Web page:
Vaccines are tough business. From all the decades of collective knowledge in vaccine development we have, it is very rare that we will get a successful vaccine for any disease. Vaccine development takes years and for good reason.
The scientific community should be embarrassed that they lost their nerve in the middle of a pandemic. In the race to publish new papers due diligence like peer review and data congruence was ignored by the editorial boards of both the journals involved in the scandal. ICMR leadership too is doing a disservice to scientific thinking in public health policy. Their obscurantism of the HCQ question by publishing vague non-scientific studies actually keeps the world from knowing if HCQ works or not for sure
I was recently reading up on the watershed moments in the history of modern medicine and I have to admit I was overwhelmed with information. The list below is the timeline since the end of the 18th century. I may decide to update the post at a later date. 1796- Small pox vaccine introduced byContinue reading “Medical advances since the 18th century!”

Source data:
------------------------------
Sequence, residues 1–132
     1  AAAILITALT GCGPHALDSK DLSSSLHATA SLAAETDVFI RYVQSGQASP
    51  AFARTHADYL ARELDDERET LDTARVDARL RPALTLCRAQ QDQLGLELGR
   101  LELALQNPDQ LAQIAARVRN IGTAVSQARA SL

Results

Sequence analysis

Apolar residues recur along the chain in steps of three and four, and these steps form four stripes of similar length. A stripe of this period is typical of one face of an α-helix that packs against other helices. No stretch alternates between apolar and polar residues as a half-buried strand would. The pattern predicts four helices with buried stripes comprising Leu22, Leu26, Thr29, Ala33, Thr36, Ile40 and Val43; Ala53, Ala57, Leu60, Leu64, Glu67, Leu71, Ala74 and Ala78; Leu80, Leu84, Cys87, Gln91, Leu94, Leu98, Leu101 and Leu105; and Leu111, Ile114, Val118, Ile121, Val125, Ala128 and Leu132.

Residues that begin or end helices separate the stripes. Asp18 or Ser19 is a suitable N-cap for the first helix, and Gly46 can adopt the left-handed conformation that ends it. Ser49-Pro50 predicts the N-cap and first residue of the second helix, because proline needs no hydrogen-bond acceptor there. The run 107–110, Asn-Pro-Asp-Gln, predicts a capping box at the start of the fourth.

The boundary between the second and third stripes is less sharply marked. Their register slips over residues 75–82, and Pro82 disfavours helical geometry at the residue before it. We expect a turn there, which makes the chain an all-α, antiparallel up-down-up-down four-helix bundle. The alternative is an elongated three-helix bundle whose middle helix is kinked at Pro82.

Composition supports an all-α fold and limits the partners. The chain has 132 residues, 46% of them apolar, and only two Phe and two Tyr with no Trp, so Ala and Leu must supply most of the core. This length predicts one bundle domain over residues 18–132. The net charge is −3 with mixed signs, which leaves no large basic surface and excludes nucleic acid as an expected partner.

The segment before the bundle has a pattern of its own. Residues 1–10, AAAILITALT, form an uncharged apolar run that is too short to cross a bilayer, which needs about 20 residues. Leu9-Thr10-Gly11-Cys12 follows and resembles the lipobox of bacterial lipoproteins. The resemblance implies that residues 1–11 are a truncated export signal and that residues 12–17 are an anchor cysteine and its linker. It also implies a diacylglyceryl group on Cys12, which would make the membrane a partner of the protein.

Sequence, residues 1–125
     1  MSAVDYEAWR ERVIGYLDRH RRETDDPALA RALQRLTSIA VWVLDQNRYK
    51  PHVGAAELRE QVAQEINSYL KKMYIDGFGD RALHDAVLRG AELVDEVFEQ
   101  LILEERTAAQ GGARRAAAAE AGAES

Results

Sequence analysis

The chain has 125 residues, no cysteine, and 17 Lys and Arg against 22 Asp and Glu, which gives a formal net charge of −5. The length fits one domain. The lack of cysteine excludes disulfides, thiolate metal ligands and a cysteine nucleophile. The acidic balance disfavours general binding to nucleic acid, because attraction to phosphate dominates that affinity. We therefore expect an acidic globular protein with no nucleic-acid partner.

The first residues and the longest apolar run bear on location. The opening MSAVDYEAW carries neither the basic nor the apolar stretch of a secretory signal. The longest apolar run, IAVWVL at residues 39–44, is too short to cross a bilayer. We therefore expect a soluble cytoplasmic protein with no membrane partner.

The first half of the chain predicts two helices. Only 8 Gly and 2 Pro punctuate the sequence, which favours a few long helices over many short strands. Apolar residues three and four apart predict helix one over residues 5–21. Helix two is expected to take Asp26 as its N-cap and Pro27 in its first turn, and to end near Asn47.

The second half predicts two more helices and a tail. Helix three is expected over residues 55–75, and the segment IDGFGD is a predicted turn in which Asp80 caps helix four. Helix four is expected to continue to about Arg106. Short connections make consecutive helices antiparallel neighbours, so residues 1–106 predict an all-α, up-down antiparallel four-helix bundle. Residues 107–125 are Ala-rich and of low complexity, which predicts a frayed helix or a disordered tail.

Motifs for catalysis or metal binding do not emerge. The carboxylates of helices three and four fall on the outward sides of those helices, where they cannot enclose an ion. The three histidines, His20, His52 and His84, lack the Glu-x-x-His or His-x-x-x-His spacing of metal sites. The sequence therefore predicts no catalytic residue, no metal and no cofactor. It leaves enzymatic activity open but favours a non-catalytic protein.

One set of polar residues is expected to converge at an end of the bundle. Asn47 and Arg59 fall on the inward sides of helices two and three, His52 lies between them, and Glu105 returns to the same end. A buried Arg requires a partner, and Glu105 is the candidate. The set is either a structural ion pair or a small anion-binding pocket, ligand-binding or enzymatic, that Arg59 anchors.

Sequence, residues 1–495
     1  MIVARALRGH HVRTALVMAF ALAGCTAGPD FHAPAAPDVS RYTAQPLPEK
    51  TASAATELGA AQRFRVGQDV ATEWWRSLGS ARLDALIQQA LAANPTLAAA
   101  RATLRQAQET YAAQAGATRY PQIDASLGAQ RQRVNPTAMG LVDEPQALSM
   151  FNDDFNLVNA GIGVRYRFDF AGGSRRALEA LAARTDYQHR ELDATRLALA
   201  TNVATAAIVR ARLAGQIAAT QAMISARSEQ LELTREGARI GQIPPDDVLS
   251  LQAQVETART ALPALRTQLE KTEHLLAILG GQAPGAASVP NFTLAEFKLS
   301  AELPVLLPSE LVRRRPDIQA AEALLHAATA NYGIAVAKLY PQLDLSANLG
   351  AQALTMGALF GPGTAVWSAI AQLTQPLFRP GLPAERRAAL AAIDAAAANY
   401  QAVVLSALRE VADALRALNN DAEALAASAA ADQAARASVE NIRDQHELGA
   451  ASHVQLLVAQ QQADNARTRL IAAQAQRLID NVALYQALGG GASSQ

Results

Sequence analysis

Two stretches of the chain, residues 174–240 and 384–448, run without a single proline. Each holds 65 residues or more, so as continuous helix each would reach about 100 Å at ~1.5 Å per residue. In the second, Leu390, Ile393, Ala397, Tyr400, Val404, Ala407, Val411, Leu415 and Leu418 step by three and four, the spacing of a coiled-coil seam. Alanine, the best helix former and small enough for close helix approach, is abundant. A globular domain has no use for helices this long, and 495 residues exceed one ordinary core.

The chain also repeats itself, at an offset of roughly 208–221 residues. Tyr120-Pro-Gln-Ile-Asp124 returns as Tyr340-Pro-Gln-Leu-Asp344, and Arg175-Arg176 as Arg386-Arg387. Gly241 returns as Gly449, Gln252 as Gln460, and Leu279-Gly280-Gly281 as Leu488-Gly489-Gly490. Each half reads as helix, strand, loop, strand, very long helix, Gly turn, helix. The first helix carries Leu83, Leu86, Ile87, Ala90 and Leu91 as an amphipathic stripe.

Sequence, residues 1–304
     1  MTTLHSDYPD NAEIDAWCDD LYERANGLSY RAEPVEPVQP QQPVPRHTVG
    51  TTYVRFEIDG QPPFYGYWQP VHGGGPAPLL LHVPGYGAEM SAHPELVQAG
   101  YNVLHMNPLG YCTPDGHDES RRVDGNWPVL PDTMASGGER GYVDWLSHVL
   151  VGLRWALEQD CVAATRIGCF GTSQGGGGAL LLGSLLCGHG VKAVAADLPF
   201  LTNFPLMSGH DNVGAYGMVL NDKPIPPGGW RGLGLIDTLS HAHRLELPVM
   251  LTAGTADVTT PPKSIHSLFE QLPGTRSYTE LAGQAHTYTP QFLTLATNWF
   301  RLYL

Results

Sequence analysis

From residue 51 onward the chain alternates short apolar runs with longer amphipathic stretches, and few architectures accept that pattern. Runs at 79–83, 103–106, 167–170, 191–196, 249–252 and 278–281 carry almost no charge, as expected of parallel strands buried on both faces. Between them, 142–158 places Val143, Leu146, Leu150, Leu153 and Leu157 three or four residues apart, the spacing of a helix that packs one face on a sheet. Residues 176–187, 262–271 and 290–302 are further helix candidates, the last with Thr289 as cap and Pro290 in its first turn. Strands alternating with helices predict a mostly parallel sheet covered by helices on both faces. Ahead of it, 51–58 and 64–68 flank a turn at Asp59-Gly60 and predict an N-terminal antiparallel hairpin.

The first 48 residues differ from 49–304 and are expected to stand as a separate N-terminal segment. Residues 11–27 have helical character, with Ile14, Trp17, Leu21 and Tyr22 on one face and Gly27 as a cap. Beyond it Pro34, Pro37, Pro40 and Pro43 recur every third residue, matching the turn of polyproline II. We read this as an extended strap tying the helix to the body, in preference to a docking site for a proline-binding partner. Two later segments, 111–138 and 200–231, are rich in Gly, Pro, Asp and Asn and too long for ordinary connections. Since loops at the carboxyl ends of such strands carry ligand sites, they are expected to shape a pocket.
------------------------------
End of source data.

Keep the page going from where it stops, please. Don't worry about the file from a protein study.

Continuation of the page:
The medical science has seen a sea change over the last century…..more than what has been achieved in the previous 5 centuries put together. The change has been for the better for patients as people are getting cured of diseases which previously had no cures. In this state of change to expect the medical profession not to change is simply naive. I would like to enumerate the good, the bad and the ugly of the medical profession in general and the joys and challenges of doctors in particular. This is in no way a negative or cynical post. It is more of a perspective of how things are and how it is going to be.